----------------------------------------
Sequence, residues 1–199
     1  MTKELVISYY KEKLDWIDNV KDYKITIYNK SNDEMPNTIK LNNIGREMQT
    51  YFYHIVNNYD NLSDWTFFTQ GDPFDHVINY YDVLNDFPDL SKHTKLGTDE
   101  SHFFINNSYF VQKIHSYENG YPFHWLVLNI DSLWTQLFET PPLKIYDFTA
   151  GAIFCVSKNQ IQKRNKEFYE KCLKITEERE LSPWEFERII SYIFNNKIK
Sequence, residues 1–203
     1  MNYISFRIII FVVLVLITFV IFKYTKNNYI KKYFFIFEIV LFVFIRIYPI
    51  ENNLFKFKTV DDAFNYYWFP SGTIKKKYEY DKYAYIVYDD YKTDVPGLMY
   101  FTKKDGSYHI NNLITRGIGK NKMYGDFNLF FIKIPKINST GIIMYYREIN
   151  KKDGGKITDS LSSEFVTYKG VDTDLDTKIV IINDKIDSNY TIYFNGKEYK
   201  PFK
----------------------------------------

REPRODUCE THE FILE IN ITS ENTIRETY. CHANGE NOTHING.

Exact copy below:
Sequence, residues 1–199
     1  MTKELVISYY KEKLDWIDNV KDYKITIYNK SNDEMPNTIK LNNIGREMQT
    51  YFYHIVNNYD NLSDWTFFTQ GDPFDHVINY YDVLNDFPDL SKHTKLGTDE
   101  SHFFINNSYF VQKIHSYENG YPFHWLVLNI DSLWTQLFET PPLKIYDFTA
   151  GAIFCVSKNQ IQKRNKEFYE KCLKITEERE LSPWEFERII SYIFNNKIK
Sequence, residues 1–203
     1  MNYISFRIII FVVLVLITFV IFKYTKNNYI KKYFFIFEIV LFVFIRIYPI
    51  ENNLFKFKTV DDAFNYYWFP SGTIKKKYEY DKYAYIVYDD YKTDVPGLMY
   101  FTKKDGSYHI NNLITRGIGK NKMYGDFNLF FIKIPKINST GIIMYYREIN
   151  KKDGGKITDS LSSEFVTYKG VDTDLDTKIV IINDKIDSNY TIYFNGKEYK
   201  PFK